Next, think about the potential customers attending the show. Who are they? What are their positions in the company? What are the key things they might need to know? Then be sure to have some members of the staff who are qualified to talk with them. Not everyone needs to be a software programmer or a medical expert. Just have an expert or two as members of the team.

The Right Preparation

Above all, don’t wait until just before the show opens to get your act together. Do a little homework and decide in advance:

  • Why you are there
  • Your goals for the show
  • The target attendees
  • The results you need
  • Your overall booth plan
  • What questions to expect and how to answer
  • Who the competition is and what they will be saying

We recommend writing it down and giving the sheet to every person on your booth team. Go through in advance and handle any questions. Make sure everyone understands and agrees. Success depends on consistency. It’s a team, so they have to work together.

The Right Practice

Yep, the booth staff has to practice. Role play, actually go through the demos, work it until it’s natural and intuitive. That’s the only way to engage attendees and keep them in the booth. Here are a few more key tips:

Don’t Hard Sell!

More sales are lost at trade shows because staff members rush to sell. Remember, people love to buy – they hate being sold. Use the 5X1 Rule. Listen five times more than you talk. Let visitors tell you what they want, need or have to solve. Then come back with a solution that’s all about them. Make it a memorable experience that you share.

You are competing for their time and attention. Give them a solution they can’t refuse.

Know What to Say

What you say the moment you make eye contact is crucial. Every member of the booth team should have a couple of opening lines or conversation starters they can use to engage a visitor. Believe me, “Hi, how ya’ doing?” isn’t what we have in mind. Make them questions about the person. “What brings you to the show today?”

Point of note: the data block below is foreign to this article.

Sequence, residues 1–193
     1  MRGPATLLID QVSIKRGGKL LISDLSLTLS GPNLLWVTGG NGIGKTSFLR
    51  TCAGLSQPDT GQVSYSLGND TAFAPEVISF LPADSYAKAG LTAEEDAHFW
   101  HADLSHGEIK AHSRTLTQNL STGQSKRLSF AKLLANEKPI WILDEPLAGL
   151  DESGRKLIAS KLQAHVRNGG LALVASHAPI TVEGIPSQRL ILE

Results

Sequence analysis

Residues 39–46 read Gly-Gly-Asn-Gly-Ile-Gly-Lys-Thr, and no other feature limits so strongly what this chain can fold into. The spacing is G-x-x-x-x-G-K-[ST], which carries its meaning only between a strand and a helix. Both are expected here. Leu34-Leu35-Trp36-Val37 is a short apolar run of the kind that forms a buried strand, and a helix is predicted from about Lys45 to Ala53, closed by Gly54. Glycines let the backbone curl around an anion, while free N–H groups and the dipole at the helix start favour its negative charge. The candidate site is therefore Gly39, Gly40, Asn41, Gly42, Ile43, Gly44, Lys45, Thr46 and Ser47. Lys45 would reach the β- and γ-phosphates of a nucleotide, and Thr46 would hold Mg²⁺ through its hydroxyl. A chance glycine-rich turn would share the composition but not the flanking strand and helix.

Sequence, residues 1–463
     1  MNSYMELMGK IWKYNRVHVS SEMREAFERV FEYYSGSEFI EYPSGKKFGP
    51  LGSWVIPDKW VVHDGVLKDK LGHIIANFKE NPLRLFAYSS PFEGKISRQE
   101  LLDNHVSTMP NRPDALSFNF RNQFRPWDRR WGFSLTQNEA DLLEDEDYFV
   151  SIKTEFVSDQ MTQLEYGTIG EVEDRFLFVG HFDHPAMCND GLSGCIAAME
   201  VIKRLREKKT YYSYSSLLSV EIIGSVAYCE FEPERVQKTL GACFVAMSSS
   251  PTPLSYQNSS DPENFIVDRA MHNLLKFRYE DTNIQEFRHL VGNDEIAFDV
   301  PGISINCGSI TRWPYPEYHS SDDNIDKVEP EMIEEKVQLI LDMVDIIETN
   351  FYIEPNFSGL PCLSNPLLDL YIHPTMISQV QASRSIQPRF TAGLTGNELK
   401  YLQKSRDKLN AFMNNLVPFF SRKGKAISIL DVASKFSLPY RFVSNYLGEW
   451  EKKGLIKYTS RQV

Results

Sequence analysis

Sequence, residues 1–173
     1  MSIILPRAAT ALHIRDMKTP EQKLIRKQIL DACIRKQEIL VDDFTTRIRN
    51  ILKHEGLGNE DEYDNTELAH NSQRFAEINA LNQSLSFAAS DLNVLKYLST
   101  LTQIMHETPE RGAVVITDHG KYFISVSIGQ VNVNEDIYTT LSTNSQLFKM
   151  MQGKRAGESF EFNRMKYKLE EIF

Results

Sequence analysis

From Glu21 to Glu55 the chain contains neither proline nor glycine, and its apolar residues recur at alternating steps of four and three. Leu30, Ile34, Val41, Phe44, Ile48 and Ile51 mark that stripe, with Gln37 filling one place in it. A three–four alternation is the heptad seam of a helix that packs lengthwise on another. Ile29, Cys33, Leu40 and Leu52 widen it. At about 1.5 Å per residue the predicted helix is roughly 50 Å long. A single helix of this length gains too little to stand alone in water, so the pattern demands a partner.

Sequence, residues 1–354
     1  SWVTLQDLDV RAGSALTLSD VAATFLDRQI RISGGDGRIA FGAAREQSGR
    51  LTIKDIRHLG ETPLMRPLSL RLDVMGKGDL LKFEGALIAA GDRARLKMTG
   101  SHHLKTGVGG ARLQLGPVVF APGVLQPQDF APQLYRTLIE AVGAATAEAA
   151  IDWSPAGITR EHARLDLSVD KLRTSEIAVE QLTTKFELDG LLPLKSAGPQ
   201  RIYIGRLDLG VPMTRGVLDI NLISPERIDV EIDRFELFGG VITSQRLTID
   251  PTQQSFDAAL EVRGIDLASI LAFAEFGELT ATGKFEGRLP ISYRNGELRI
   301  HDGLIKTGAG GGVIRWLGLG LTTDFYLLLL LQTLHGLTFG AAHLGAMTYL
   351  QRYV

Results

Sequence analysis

Your opening line needs to:

  • Be relevant to where you are and what is happening
  • Relate to their world and situation
  • Offer something the person might want or need

Big point here: They are wearing a name badge, so use their name! Have your team brainstorm good opening lines and practice them. Obviously, you don’t want everyone using the same lines. Mix them up.

The Right Priorities

It is also important that everyone understands what is supposed to happen and how. If you are asking attendees to make appointments, know what happens when they show up. And, what happens next.

If you are doing presentations, know the schedule, who handles them and what you want all those attendees to do at the end. How do you take the engagement to the next step?

Demonstrations are a huge asset to drawing attendees into your booth space. But how do you decide which attendees are worth the time? While your demo stations are full, other potential clients or customers might walk away. What’s the plan?

Turn Your Booth Team Into a Sales-Making Machine

About 85% of the results your trade show investment generates come from the experience attendees have with your booth team. So use these tips and stack the deck. Choose the right people, accurately define the goals, process and the results. Train them, let them practice and then … turn them loose to get the job done.